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Discover Nature: Fox and Gray Squirrels Bear Litters

A gray squirrel sits on a corn-cob feeder attached to the trunk of a tree, looking upward.
An Eastern gray squirrel sits next to a feeder. Gray and fox squirrels begin breeding this week in Missouri. Common statewide, watch for these squirrels at feeders and in the woods as they begin preparing to bring a new generation into the world.

This week on Discover Nature, Missouri’s most common squirrel species begin bearing litters.

Eastern gray squirrels are slender and wear a usually gray coat with white on the fringe of the tail and belly. 

Eastern fox squirrels are usually reddish-yellow in color, heavy-bodied and larger than the gray squirrel.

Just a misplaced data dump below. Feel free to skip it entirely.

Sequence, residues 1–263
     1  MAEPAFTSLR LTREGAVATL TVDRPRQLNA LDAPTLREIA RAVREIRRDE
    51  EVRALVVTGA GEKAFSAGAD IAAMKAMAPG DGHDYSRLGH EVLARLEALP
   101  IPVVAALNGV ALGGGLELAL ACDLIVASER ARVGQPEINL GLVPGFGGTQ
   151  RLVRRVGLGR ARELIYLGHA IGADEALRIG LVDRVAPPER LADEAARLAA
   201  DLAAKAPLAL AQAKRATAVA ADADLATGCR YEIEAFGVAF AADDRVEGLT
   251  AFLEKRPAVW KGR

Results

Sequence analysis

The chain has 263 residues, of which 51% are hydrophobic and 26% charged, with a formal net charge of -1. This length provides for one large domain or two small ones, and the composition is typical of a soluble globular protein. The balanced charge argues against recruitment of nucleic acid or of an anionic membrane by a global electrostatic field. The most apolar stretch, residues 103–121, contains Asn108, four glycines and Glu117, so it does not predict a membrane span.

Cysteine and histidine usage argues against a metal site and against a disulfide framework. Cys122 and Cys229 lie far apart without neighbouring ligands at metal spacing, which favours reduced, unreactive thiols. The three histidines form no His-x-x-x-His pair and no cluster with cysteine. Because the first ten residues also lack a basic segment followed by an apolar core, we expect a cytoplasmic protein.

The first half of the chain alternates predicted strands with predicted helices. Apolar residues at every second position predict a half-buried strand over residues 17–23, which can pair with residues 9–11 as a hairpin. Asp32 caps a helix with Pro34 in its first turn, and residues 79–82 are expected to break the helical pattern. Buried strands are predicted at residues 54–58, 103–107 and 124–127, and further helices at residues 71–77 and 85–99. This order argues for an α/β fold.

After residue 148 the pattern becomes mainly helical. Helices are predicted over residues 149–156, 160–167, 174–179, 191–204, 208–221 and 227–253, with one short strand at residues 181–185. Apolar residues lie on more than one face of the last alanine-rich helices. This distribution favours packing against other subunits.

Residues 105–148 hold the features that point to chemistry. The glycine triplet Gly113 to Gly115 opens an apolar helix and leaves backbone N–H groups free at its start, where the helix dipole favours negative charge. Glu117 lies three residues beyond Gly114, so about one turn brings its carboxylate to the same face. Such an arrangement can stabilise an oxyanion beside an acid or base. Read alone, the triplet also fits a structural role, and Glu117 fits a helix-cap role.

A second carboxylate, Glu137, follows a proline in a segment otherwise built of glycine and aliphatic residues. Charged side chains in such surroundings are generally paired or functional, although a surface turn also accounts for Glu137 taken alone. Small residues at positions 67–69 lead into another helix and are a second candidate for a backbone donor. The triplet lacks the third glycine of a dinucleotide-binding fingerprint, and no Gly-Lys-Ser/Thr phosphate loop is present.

These squirrels begin mating in late December and January. Pregnancy requires about 45 days, with most litters born in February or March. They mate again in late spring and early summer, giving birth to second litters in July and August. 

Young are hairless at birth, with eyes and ears closed, and well-developed claws. They emerge from nests at six to seven weeks old and are weaned in another week or so. 

Squirrels’ habit of storing nuts in the ground results in the eventual germination of many unrecovered nuts. Thus, they inadvertently plant trees that furnish food and shelter for subsequent squirrel populations and other wildlife, as well as timber of economic value to humans. 

Learn more about fox and gray squirrels with the Missouri Department of Conservation’s online field guide

Discover Nature is sponsored by the Missouri Department of Conservation.

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